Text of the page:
IntroductionThis is not something new to me. I worked this out a few years ago, but when Allen asked for help for someone else on this, I dusted off the old code, added a bell and 2 whistles (or was it a whistle and two bells?)
Oh, the question! To paraphrase, "How do I save files with the current date in the file name?"
- Would a date-time stamp be useful in that there may be a need to save during the work day, carry on, then save again when the last slice of pizza is gone?
- Is this a series of files, each with a later and later date/date-time stamp in which the newest one is the work in process and the others rollback points?
- Is this a single file in which date/date-time stamped files, also useful as rollback points are dropped off from time to time?
Dim strFileRootName As String
Dim strExt As String
Const strExtMin As String = ".xl"
' Const strDateTimeStampFormat As String = " yyyy-mm-dd hh\hmm\mss\s" ' Date & Time
Const strDateTimeStampFormat As String = " yyyy-mm-dd" ' Date only
strFileRootName = FileNameNoDate(ActiveWorkbook.Name)
strExt = Right(ActiveWorkbook.Name, Len(ActiveWorkbook.Name) - InStr(1, ActiveWorkbook.Name, strExtMin) + 1)
strFileRootName & Format(Now(),strDateTimeStampFormat ) & strExt ' Save the archive
ActiveWorkbook.SaveAs strFileRootName & strExt ' Returns to original name
For those interested, here is the link to the answer on Allen's website. There are a couple of alternatives offered from other readers as well
The bigger solution I devised, one that addresses the question above, is a Subroutine and an accompanying Function.
Assumptions and Limitations
- The date/date-time stamp is the rightmost part of the filename, with the exception of the extension, e.g ".xls" or "xlsm"
- The date/date-time stamp should separated by a space from the core file name for ease of reading.
N.B. The core is what the file would be named with out the date/date-time stamp and the extension.
- In Windows explorer, it is useful to sort file names from most recent to oldest or oldest to newest while keeping all files with the same core file name. This implies
- Ordering the elements from coarsest unit of measure to finest: year, month number, day/date, hours in 24 hour mode, minutes and second.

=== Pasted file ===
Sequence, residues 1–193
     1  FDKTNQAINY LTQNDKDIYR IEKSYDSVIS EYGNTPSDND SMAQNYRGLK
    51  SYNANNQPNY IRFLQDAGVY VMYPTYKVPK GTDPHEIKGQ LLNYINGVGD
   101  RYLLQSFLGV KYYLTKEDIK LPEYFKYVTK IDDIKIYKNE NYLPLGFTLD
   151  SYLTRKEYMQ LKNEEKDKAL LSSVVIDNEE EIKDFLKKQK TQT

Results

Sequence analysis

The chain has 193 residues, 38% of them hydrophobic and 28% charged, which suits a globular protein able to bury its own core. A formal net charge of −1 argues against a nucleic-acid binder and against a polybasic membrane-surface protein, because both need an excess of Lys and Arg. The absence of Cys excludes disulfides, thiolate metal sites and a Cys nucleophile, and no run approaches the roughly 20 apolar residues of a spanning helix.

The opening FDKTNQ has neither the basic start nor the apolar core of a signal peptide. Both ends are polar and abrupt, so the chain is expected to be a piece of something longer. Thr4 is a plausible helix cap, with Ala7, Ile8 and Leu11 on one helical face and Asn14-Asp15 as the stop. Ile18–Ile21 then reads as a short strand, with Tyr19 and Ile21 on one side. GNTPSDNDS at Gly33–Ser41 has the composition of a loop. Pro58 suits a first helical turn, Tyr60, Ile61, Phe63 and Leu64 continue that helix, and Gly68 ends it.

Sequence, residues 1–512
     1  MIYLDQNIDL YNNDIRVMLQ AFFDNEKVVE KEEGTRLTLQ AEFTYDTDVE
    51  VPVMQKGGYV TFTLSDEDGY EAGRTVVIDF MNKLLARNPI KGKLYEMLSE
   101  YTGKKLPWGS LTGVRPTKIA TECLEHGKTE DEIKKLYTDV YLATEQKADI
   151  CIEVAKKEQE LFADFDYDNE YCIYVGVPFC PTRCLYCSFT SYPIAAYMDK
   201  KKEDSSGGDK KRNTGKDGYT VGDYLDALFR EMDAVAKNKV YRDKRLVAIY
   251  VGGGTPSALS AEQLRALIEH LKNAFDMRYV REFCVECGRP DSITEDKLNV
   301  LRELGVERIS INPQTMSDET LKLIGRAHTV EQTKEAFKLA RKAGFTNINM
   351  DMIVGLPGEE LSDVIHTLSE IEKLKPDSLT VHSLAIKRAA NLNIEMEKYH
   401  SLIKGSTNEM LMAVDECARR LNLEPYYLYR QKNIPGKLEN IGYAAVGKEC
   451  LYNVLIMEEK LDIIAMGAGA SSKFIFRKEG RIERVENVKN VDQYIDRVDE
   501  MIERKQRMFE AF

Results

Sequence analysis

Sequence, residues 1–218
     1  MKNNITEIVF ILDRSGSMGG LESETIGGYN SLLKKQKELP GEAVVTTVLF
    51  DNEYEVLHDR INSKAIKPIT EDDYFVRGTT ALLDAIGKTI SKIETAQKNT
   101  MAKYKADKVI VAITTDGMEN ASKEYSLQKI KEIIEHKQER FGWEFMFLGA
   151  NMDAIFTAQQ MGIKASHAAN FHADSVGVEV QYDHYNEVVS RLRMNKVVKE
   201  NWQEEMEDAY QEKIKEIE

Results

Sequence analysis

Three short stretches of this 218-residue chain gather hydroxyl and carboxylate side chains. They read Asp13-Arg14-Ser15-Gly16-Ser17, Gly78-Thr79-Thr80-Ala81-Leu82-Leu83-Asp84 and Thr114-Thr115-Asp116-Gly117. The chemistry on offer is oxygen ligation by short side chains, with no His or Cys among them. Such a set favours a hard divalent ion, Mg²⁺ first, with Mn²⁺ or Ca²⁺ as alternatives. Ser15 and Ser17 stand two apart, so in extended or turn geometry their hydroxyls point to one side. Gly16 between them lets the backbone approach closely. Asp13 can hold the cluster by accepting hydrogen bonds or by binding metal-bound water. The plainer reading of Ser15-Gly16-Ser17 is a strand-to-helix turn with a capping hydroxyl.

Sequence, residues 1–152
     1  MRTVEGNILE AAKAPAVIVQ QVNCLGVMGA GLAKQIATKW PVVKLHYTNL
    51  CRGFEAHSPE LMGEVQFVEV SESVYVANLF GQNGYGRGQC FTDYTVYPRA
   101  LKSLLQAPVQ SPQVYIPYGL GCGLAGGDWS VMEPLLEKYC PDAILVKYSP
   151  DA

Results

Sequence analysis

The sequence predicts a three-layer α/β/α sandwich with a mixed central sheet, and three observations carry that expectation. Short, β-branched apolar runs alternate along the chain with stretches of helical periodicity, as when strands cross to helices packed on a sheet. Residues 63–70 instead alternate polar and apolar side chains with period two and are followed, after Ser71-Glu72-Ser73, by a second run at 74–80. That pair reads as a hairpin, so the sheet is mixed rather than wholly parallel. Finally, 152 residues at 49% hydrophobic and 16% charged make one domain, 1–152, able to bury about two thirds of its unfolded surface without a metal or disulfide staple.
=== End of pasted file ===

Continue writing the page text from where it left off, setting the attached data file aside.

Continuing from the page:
- Using numbers instead of names for months.
- Using zero file, e.g. March = "03" instead of "3"
- Data and time elements should be visibly connected yet the boundaries between them consistent and meaningful. This assists the user in scanning the date/date-time stamp.
- Colons, often used for separating levels of time, e.g. hours v minutes v seconds, and slashes, often used to separate the date elements, cannot be used in file names
- Characters linking date and time elements assist the user in reading the date/datetime stamp.
- The use of periods to separate time elements, e.g. 14.22.16, was rejected in favor of "H" or "h" for hours, "M" or "m" for minutes and "S" or "s" for seconds.
- Therefore the date/date-time stamp format begins as " yyyy-mm-dd hh'h'mm'm'ss's'". Example: 2012-11-04 14h22m16s" but can be truncated to end at minutes or hours.
- A file without a date/date-time stamp is meant to have a date/date-time stamp file created but the original file is the one to use. The implied meaning of this approach is the changes were made in the file up to the date/date-time stamp.
- A file with a date/date-time stamp will have a final version save and all new work will be in the new file with a new date/date-time stamp. The implied meaning of this approach is the changes made in the file occurred after the date/date-time stamp.
- The code will be run with the Active Workbook as the key object.
- The Subroutine, DateTimeStampSave, does the following
- parses the file name, separating the extension from the